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Cliffs Natural Resources is considering selling its Ring of Fire chromite properties, and a Toronto junior miner operating in the remote region of Ontario said it’s arranging the financing to take control of the project.
KWG president-CEO Frank Smeenk told the Globe and Mail newspaper he has discussed a transaction with new Cliffs boss Lourenco Goncalves, who is eager to sell the dormant Far North project as the new corporate blood at the Ohio miner looks to divest itself of its international projects and focus on its core U.S. iron assets.
Smeenk declined to tell the newspaper of his source of funding, but he expects it to be in place very soon. Goncalves was named chairman, president and CEO on Aug. 7 after a New York hedge fund, Casablanca Capital, toppled management in a proxy battle. He replaced Gary Halverson, a Sudbury native, as CEO.
Smeenk had met with Casablanca officials at Cliffs’ annual shareholders meeting in July and pitched the concept of a partnership with the fund with KWG being the development vehicle in the Ring.
Earlier this week, rumours began circulating that Cliffs had sent a letter to First Nation chiefs that it was considering selling its chromite properties in the James Bay region.
A Cliffs spokeswoman categorized those rumours as “not accurate,” adding the letter was sent only to the Marten Falls First Nation band, a remote community near the exploration camps.
The spokeswoman said the letter was intended to provide Martin Falls with a business update. “It did note that Cliffs is exploring alternatives for the chromite project,” she said.
The letter, obtained by Globe, included a statement from Cliffs vice-president of corporate development Bill Boor, that a sale of the project was among those options.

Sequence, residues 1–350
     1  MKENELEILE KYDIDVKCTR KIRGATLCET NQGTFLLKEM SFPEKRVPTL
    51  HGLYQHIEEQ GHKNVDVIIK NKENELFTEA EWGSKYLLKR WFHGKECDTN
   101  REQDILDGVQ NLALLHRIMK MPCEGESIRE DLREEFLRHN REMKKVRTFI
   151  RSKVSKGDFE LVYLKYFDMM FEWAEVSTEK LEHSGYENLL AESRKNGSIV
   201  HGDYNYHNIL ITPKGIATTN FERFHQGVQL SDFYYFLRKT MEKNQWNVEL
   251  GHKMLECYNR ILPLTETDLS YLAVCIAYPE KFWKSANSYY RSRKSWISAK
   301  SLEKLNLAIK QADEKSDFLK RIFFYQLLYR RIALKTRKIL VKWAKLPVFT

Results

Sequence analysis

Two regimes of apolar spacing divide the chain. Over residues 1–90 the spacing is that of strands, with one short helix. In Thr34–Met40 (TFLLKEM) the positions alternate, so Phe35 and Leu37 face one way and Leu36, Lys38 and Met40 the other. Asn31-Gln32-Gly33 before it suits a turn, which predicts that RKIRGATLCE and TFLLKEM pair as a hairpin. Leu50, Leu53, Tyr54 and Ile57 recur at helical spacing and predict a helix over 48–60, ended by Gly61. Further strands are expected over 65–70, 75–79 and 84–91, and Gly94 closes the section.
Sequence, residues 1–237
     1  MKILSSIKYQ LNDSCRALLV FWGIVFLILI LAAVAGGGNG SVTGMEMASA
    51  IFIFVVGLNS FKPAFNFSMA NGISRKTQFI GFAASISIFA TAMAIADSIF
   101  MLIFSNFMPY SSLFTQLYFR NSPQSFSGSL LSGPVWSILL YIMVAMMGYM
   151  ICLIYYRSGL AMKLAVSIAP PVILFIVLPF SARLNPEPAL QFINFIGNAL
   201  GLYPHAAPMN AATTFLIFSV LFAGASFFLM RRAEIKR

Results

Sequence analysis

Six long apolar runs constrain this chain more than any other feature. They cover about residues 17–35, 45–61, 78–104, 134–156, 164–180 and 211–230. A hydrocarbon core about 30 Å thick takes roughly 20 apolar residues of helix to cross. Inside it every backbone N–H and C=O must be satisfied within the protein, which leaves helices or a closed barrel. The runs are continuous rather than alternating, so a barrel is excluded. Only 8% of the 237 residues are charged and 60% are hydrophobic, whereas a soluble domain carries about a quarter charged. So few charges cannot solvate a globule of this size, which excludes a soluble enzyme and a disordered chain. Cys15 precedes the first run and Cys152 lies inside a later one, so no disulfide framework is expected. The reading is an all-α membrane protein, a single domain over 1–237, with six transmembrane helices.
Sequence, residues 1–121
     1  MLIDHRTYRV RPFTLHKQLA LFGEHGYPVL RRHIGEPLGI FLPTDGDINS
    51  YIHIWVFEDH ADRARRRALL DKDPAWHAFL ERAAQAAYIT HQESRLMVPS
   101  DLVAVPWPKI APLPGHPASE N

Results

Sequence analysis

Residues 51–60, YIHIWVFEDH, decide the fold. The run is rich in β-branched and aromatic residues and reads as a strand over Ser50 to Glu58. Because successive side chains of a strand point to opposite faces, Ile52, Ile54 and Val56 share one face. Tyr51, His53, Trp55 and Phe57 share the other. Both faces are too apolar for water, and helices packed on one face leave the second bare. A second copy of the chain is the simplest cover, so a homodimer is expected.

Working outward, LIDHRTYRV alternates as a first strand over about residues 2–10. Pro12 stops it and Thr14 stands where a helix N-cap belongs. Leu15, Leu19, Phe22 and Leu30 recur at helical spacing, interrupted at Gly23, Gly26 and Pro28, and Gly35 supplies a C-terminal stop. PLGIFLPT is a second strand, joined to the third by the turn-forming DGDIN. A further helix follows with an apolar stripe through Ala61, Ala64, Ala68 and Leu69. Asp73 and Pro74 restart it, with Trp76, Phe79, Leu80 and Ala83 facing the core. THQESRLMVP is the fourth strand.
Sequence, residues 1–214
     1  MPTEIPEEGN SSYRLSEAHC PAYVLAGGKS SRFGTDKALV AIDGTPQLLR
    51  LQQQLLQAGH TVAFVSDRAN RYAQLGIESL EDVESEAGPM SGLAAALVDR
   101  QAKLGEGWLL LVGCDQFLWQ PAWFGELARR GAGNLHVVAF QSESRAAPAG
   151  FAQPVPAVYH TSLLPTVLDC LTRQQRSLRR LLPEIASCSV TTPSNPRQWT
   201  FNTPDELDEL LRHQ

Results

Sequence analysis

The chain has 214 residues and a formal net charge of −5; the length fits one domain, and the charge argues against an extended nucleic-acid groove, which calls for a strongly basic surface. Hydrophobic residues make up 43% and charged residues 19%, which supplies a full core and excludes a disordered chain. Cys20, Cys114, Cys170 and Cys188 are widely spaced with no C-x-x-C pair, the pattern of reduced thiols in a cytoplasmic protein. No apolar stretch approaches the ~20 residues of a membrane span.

Since 2010, Cliffs has spent $500 million to acquire and prove up the mineral potential in the Ring where no rail and road connections exist. At the early stage of development, there were tentative plans to place a ferrochrome refinery in Capreol.
Despite Cliffs’ denials, the company appeared to have been performing a slow withdrawal from Ontario. Last fall, Cliffs halted all exploration and technical work on its Big Daddy chromite deposit and suspended project spending. Earlier this summer, it sold off its remote exploration camp to Noront Resources.
Cliffs has also been tied up in the courts with KWG, an adversarial development partner on the Big Daddy chromite deposit, over having access to KWG’s mining claims to run an access road to reach Black Thor.
Talks with Queen’s Park over a power pricing agreement, the terms of reference for the provincial environmental assessment, and the lack of expediency in committing to mine-related transportation infrastructure have stalled Cliffs.
The Wynne government has committed $1 billion to provide access to the remote camp through its fledgling Ring of Fire development corporation, but it’s still uncertain what that money will be spent on.